By Starrla Cray
WAVERLY, MN For some people, getting a massage is simply a way to unwind after a stressful day, but massage therapist Christopher Vaughan of Waverly knows that the right touch can also be a powerful way to alleviate a host of medical conditions.
“The best reward is when patients get off the table and they’re like, ‘wow! The pain is gone,’” Vaughan said. “They look so shocked, like ‘it actually worked.’”
Vaughan opened his own practice, Power of Touch, in the Adjust to Wellness building in Waverly Sept. 8.
He offers a “medically-based” approach to massage, implementing a variety of techniques to address problems in the spine, bottom of foot, jaw, and more.
“Any place that soft tissue and musculature is, which is basically everywhere,” Vaughan said.
The benefits of massage therapy are numerous.
“It may have a tendency to lower anxiety levels, lower blood pressure, and improve digestion,” according to Vaughan. “It doesn’t hurt, and at the very worst, you’re going to come out relaxed and feeling better.”
Elderly people often receive massage therapy as a form of “passive exercise.” Similar to active exercising, such as going for a run, massage has the potential to stimulate blood flow, help sore muscles, and increase energy level.
Young people can also benefit from Vaughan’s services. Athletes often receive sports massage therapy before and after their events, as a way to release lactic acid and waste products from the muscles.
“It can be any age, really,” Vaughan said. “I have a patient who’s in high school with slight muscle strain from a soccer injury, and I’ve worked on Vietnam vets in their 70s.”
Some people enjoy massage for relaxation and “general wellness benefits,” according to Vaughan.
“Even if a person doesn’t come in with a specific issue, there are usually one or two muscle areas that could use rehab work,” Vaughan said.
Headaches and migraines caused by tension in the soft tissue, as well as pain from sitting at a desk or driving, can also be alleviated through massage.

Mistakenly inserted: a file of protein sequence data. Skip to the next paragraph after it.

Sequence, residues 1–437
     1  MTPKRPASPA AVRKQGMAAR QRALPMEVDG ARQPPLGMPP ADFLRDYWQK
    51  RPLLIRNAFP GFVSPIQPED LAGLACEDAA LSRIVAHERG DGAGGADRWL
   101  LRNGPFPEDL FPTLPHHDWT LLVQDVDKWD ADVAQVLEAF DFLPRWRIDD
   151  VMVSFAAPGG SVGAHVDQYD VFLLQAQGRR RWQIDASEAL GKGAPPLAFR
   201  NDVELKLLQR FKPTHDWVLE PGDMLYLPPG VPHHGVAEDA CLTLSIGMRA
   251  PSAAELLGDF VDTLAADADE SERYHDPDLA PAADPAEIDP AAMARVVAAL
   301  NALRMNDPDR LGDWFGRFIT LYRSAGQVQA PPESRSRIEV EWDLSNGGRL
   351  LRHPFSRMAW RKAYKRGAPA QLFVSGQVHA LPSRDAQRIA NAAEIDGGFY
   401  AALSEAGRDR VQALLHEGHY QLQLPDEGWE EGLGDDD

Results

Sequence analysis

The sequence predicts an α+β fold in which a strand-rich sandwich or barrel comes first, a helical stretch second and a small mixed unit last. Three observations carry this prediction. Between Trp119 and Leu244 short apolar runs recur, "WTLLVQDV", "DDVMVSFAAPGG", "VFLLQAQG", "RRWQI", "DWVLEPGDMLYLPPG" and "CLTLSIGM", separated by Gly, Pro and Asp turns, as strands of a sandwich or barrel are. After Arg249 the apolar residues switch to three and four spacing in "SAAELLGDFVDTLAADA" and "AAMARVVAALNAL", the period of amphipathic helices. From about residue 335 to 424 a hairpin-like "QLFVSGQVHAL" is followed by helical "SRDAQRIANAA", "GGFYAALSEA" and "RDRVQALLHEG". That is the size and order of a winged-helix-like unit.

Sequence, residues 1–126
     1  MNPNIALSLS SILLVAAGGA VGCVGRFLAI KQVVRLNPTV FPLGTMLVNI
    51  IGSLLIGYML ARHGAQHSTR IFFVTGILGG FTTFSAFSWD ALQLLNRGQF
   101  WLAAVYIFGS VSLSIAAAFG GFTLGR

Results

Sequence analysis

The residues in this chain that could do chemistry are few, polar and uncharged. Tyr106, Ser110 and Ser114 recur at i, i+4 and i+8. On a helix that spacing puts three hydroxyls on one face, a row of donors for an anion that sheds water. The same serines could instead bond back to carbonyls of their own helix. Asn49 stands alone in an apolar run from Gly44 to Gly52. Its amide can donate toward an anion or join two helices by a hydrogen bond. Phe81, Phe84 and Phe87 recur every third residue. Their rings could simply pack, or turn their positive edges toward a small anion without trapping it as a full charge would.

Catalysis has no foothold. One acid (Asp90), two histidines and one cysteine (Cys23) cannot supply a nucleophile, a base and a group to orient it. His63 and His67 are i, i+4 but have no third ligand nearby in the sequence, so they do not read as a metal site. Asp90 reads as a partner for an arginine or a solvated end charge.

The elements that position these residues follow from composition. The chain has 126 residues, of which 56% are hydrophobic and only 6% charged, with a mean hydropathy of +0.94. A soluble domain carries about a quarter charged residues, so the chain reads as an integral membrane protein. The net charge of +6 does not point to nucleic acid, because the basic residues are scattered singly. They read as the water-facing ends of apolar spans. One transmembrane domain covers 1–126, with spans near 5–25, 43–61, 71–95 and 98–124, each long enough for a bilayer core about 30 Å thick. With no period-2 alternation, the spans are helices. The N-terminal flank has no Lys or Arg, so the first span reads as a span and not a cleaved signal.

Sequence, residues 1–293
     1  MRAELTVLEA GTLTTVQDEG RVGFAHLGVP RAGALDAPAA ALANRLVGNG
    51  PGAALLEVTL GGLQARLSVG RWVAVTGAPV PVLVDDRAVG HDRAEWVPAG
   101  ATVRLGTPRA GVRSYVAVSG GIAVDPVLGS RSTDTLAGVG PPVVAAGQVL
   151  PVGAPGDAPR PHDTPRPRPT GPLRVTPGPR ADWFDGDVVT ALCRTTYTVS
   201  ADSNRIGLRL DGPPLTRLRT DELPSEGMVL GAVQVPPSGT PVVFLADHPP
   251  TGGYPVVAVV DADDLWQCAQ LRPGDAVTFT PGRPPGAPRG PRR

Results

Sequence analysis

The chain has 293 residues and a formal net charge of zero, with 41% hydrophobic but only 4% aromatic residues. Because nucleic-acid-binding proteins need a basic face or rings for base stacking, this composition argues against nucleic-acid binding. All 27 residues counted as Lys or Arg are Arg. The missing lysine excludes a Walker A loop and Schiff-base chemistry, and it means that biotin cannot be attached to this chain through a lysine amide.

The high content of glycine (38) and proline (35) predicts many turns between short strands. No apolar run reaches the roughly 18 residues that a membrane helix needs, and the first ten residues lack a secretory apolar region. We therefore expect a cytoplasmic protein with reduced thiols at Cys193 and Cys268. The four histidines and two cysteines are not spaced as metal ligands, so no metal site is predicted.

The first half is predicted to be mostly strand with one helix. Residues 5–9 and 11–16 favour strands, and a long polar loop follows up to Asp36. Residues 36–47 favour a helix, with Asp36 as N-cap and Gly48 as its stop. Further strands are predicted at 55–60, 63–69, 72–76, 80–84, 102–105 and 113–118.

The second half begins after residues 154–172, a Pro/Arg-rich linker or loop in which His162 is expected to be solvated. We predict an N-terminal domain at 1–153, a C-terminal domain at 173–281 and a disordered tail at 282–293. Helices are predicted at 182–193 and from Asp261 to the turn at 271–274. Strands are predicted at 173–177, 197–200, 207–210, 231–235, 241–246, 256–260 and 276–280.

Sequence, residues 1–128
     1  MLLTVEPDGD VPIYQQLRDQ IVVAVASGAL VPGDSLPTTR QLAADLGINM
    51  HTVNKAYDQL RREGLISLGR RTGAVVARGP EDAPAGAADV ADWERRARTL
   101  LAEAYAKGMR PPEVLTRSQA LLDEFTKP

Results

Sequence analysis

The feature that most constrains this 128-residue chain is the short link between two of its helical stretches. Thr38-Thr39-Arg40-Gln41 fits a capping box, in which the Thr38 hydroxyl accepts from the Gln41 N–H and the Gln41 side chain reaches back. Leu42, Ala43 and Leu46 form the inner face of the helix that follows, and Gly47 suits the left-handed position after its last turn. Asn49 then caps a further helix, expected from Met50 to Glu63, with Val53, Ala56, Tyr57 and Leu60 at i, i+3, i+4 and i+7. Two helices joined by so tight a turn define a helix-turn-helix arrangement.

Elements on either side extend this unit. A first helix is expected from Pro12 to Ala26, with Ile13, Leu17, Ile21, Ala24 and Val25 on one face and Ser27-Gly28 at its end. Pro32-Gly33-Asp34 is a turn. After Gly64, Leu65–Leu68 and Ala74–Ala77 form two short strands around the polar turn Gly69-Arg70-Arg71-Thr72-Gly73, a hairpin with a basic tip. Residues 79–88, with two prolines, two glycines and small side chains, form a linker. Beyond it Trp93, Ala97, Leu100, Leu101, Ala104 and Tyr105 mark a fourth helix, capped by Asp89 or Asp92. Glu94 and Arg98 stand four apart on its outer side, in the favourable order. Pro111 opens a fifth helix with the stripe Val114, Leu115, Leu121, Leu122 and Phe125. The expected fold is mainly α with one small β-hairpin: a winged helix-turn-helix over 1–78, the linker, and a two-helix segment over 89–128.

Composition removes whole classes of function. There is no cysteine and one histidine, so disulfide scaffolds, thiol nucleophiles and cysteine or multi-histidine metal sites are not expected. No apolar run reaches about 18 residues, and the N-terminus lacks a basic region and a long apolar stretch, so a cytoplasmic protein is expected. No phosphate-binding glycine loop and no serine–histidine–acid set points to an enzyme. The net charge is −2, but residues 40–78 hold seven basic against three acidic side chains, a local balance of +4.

“Our society is very computer-oriented now,” Vaughan. “We’re locked in one position, our arms forward and looking at a screen.”
Vaughan has experienced firsthand the pain-relieving impact of massage.
“In my case, I had some extreme pain in the back of my head at the base of my skull,” he said. Through “trigger point” therapy (applying pressure to tender muscle tissue), his pain is completely gone.
“Trigger point therapy really sold me,” Vaughan said.
Sometimes, pain can be relieved in one session, but it may take two or three, depending on the level of congestion.
Vaughan said he had no idea how useful massage therapy was before attending training at Northwestern Health Sciences University in Bloomington.
“At Northwestern, it was introduced in a totally different way,” he said.
Vaughan always enjoyed helping people, but he hadn’t been formally involved in the health care industry until recently.
“I used to do computer work,” said Vaughan, who’s done everything from server administration and small website design to computer networking and custom assemblies.
One of the companies Vaughan worked for, Toccoa Clinic in Georgia, introduced him to the medical field. Helping his grandmother while she was in hospice care also furthered Vaughan’s interest.
“One of the best aspects of working in the hospital was interacting with people,” he said.
Vaughan earned a bachelor’s degree in neuropsychology from the University of Georgia, and also served in the military reserve.
Then, he decided to come to Minnesota, in order to see a different part of the country and escape from the Georgia heat.
“Minnesota seemed like a good place,” Vaughan said. “I enjoy the winter sports snowboarding, cross country skiing whatever you want to throw at me.”
Vaughan remembers that the day he arrived, Oct. 31, 2008, there was already snow on the ground.
Initially, Vaughan was hired for contract computer work at Wells Fargo, and he was living in St. Paul. However, when he saw an ad for a house on the lake in Waverly, he knew that was where he wanted to be.
“I’m more of an outdoors, away-from-the-city type of guy,” he said. “The price was really great, and here I am.”
Vaughan said massage therapy is more related to computer work than one might think.
“In some ways, it’s similar,” he said. “It’s still fixing things. Machines are very predictable, however, whereas every person responds in a different way.”
Vaughan’s goal is to be a provider in natural health care, continuing his training and education to offer additional services. In the future, he plans to become a master herbalist, and also obtain training in myofascial massage techniques.
To learn more or to make an appointment, call (706) 599-4548. Power of Touch (in the Adjust to Wellness building) is located one block north of Highway 12, at 202 5th Street North in Waverly.